Ronayne also confirmed that the Woodies ‘click and collect’ online service will still be available. However, he said the number of click and collect orders that can be done per day will be limited, as it is anticipated the service will be busy. 

“I think people are going to descend on us because they really, really want something to do, to say ‘Look at what I’ve done, look at what I’ve achieved during this really difficult time’,” he said. 

B&Q has announced that stores are now open with social distancing measures in place (3) (1) Social distancing markings on the floor of a B&Q store in the UK Source: Peter Reimann/B&Q

B&Q Ireland has also confirmed that its eight stores will open on Monday. 

A limited number of customers will be allowed in the store at any one time and social distancing measures will be in place. 

Similar to Woodies, there will be sanitiser stations in place and two-metre queuing outside the store. 

There will directional arrows to guide customers through the store. 

B&Q has increased its contactless limit to €50 for purchases and it will also be accepting credit card payments. Cash payments will not be available.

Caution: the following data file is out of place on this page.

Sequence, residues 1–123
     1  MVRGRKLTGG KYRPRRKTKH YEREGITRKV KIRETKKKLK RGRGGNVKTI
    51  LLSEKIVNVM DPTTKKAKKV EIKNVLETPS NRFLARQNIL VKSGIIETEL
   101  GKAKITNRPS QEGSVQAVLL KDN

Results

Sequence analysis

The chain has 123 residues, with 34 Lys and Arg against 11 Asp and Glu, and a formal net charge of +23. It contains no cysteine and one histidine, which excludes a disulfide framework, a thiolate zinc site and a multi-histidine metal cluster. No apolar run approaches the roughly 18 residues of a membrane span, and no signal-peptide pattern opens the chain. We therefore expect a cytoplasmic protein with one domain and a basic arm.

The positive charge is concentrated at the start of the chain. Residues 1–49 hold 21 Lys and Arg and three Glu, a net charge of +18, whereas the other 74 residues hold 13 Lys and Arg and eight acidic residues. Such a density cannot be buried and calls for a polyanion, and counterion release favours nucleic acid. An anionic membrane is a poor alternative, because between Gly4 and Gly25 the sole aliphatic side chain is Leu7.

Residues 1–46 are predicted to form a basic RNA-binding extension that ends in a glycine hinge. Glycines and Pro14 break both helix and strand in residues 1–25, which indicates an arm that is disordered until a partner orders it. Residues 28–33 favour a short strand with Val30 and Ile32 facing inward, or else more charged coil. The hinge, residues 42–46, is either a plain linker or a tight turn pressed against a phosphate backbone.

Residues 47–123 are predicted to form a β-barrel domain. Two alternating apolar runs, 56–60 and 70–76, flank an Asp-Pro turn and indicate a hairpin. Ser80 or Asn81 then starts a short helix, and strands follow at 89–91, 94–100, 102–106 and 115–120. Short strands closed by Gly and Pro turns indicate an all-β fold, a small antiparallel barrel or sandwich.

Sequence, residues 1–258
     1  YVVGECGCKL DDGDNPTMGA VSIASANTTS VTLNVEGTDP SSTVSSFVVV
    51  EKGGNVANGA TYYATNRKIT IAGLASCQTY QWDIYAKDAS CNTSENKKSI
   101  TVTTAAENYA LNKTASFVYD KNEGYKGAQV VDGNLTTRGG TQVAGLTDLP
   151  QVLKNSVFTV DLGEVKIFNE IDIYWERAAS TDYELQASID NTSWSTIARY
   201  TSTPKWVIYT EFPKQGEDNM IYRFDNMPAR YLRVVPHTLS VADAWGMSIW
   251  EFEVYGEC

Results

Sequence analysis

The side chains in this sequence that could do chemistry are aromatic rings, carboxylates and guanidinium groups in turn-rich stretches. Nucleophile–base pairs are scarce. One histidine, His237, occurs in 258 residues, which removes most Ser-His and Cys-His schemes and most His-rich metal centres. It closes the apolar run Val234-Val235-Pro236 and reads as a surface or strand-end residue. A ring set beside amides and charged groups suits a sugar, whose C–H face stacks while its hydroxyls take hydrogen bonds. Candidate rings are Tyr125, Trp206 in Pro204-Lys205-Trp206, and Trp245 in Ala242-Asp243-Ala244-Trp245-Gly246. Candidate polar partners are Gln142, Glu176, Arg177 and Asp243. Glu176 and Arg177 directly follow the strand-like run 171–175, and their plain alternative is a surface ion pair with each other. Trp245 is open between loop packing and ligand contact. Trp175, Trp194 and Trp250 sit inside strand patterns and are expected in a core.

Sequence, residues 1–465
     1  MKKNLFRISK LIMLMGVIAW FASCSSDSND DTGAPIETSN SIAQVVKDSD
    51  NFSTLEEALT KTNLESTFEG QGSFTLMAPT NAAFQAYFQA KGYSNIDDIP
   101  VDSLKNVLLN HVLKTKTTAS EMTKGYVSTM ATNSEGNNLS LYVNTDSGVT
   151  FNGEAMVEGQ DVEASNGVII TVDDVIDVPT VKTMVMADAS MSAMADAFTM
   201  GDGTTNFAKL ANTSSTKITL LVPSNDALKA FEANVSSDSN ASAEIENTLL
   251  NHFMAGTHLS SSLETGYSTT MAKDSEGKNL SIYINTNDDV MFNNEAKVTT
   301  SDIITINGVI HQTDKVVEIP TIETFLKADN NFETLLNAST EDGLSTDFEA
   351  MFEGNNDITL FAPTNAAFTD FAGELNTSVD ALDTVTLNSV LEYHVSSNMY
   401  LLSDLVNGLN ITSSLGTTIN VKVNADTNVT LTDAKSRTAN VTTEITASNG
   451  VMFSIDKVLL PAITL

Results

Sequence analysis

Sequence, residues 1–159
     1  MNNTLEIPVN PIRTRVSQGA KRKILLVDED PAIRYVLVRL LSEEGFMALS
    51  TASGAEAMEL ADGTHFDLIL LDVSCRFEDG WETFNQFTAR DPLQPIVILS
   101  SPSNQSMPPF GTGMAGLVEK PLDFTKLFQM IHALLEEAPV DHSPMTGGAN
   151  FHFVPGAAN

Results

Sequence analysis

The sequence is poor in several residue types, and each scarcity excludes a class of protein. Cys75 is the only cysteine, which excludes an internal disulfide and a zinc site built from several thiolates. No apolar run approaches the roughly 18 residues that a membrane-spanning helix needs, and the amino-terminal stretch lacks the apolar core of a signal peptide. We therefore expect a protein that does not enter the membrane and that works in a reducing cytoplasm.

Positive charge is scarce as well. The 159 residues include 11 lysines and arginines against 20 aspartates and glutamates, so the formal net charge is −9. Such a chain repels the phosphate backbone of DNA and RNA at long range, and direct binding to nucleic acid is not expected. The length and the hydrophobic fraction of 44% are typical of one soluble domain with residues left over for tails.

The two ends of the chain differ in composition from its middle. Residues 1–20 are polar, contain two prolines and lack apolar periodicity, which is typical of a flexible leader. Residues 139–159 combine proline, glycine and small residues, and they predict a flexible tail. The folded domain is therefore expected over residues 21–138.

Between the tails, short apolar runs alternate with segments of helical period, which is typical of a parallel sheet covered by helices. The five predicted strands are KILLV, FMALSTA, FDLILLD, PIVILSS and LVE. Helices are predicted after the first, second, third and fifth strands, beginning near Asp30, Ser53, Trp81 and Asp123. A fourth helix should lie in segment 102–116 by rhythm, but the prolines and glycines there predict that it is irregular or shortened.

Only products that people can shop and takeaway in store on the day will be available to customers. Due to the bulky nature of some of the items available for take away on the day, B&Q is allowing shopping parties of two people so that they can self-serve larger items. 

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B&Q will give priority access to frontline health service workers, older people and those needing special assistance at all times. 

“Following the successful implementation of safety measures in our stores elsewhere, we are confident that our strict social distancing measures will help to keep customers and colleagues safe,” B&Q CEO Graham Bell said. 

In a statement yesterday evening, a spokesperson for Ikea said that “following the government’s announcement … our store and order and collection point remain closed for the time being”. 

“We will continue to plan for the safe reopening of our stores once we get the go-ahead from the authorities, and look forward to welcoming our customers in the not too distant future,” the spokesperson said. 

NPHET advice

In a letter from the NPHET to the government, the body said “it is important that retailers, as employers, work proactively, including with authorities and health authorities where neccessary, to limit the spread of disease within or connected with the workplace and to mitigate the effects of workplace outbreaks should such occur”. 

For workers in retail outlets, NPHET said “it is important that the do not come to work if they have symptoms, including flu-like symptoms, and workers who are contacts of a confirmed or suspected case should follow public health advice and not come to work until advised otherwise”.

“It is also important that retailers work with authorities and other stakeholders across the sector to share good practices to protect all in society from the risks of infection.”